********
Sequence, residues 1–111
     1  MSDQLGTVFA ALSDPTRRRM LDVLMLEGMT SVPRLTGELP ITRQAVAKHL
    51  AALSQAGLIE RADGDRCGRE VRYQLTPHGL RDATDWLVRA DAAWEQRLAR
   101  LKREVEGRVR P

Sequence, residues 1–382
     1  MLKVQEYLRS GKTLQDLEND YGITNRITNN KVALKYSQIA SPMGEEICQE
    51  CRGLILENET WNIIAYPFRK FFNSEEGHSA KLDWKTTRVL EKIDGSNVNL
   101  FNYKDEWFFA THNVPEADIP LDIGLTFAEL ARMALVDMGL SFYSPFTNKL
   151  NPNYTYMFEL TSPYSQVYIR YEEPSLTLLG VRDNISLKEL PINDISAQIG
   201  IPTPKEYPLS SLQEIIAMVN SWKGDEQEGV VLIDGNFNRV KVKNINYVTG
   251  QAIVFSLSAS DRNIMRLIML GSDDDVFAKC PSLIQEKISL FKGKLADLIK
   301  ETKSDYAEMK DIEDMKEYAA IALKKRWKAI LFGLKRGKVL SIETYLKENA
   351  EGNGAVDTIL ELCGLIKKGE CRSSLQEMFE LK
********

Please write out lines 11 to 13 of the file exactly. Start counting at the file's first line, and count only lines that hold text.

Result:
   251  QAIVFSLSAS DRNIMRLIML GSDDDVFAKC PSLIQEKISL FKGKLADLIK
   301  ETKSDYAEMK DIEDMKEYAA IALKKRWKAI LFGLKRGKVL SIETYLKENA
   351  EGNGAVDTIL ELCGLIKKGE CRSSLQEMFE LK